• Lenders, Be Wary When Extending Credit on Rental Income Stream
  • June 19, 2015
  • Law Firm: Lerch Early Brewer Chartered - Bethesda Office
  • Commercial Lending Bulletin

    A recent 7th U.S. Circuit Court of Appeals case reminds lenders that it is incumbent upon the lender to verify the income stream before extending credit based on rental income. In Wells Fargo Equipment Finance Inc. v Titan Leasing, Inc., the bank extended non-recourse credit (a loan secured only by collateral) to a manufacturer of locomotives relying on the income stream from a specific lease executed by the borrower and its lessee for a locomotive. The borrower presented a fully executed copy of the lease to the bank as evidence of the income stream. The borrower warranted in the loan documents that the locomotive was delivered and accepted by the lessee and that the lessee acknowledged the locomotive’s receipt and acceptance.

    Despite these warranties, the lessee returned the locomotive for repair during the loan closing because it was damaged during delivery. The lessee rejected the locomotive after it was returned several months later, and never made a payment on the lease. While the bank took possession of the locomotive to recover the amounts owed, it also sued the borrower alleging breach of warranties under the security agreement—namely, that the borrower’s representation and warranty that the locomotive was received was untrue.

    Lenders Should Verify the Lease with the Lessee and Include “Bad-Boy Carve-Outs”

    While the note was non-recourse, meaning that the borrower was not personally liable, the loan documents contained certain warranties that, if breached, would subject the borrower and any guarantor of those warranties to recourse liability. The original trial court ruled in favor of the borrower. However, the Court of Appeals reversed and remanded the case to the trial court. The court awarded a judgment in favor of the bank because the borrower had breached the warranties in the loan documents.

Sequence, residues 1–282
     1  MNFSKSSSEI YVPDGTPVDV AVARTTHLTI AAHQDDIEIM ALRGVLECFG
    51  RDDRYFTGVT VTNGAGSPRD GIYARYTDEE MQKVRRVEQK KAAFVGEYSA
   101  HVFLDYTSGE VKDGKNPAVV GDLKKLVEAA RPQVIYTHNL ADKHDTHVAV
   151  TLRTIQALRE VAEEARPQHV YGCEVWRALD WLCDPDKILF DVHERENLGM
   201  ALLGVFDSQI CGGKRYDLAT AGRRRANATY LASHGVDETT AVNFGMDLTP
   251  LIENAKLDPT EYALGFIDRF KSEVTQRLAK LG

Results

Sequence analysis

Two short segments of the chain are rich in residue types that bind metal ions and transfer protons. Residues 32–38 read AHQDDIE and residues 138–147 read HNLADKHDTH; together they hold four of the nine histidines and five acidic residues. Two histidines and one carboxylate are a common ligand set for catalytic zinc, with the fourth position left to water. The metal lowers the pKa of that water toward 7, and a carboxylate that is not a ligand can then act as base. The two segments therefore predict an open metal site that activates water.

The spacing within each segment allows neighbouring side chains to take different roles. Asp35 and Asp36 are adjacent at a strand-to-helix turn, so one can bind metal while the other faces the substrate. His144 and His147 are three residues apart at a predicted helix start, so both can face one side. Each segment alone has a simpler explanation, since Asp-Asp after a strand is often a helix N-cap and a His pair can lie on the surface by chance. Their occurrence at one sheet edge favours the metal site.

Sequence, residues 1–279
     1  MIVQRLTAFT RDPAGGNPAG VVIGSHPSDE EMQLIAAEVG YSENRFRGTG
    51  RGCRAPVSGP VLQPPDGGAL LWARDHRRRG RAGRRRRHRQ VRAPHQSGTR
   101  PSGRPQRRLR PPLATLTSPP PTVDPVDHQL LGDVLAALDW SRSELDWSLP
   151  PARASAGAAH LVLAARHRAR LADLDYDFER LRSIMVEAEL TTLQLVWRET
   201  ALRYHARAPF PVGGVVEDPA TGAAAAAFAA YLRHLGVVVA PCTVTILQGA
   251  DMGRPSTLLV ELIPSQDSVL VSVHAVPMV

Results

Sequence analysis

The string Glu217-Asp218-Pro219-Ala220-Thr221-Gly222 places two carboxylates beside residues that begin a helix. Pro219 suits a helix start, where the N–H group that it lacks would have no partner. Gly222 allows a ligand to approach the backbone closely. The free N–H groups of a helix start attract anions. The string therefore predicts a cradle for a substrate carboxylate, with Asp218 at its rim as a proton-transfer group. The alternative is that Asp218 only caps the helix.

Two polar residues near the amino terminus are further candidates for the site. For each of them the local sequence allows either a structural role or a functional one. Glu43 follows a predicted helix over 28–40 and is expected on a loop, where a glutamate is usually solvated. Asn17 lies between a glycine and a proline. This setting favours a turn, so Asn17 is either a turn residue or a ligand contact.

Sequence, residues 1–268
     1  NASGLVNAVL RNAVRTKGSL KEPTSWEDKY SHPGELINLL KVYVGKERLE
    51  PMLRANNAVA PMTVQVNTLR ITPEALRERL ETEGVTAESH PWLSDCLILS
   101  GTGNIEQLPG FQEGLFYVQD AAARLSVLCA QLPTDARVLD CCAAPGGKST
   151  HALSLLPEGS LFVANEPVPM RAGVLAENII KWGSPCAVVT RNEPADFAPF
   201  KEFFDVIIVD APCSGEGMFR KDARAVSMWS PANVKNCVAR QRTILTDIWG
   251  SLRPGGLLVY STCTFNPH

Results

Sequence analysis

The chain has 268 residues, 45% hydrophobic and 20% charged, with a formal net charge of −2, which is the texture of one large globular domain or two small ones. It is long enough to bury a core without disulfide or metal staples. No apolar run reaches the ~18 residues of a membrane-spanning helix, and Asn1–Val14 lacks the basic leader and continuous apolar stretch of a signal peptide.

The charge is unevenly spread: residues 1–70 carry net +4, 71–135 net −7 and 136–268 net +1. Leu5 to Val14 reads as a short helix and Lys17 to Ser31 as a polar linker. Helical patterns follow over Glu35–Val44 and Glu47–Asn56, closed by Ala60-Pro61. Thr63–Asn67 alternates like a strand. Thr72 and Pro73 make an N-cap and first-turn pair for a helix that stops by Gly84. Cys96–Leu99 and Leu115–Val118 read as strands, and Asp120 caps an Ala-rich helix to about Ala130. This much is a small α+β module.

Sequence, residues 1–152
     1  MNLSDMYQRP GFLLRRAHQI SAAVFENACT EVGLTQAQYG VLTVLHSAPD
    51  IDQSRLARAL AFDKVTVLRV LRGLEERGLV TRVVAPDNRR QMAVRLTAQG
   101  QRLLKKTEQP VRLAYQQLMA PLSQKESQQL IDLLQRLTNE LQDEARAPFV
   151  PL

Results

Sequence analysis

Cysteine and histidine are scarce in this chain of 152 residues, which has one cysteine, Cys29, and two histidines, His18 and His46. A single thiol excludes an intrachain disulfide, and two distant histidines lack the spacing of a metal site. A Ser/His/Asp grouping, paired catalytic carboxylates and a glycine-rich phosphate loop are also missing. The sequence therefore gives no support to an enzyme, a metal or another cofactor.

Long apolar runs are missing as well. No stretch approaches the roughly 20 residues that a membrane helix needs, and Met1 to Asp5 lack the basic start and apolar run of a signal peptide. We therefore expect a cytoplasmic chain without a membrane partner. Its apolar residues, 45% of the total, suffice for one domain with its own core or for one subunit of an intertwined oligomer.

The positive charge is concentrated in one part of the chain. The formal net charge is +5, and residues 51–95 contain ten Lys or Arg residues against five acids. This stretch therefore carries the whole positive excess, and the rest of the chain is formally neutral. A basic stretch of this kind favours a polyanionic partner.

Although the court eventually found for the bank, there are two important takeaways for lenders to remember. First, had the lender verified with the lessee at the time of the loan closing that the lease was in full force and effect and there was no default under the lease (commonly accomplished through an estoppel certificate), the loan may not have closed or funded until the repaired locomotive was delivered and accepted by the lessee. By merely relying on the borrower’s representation, the bank was forced to repossess the collateral and sue to collect sums owed at an additional cost and expense. Second, whenever a lender makes a non-recourse loan, it should always include the “bad-boy carve-outs,” (read more about “bad-boy carve-outs” at "Beware Expanding Non-Recourse Carve-Outs: Understanding the Bad Boy Guaranty") that reserve recourse liability on the borrower and guarantors if certain representations or covenants are breached.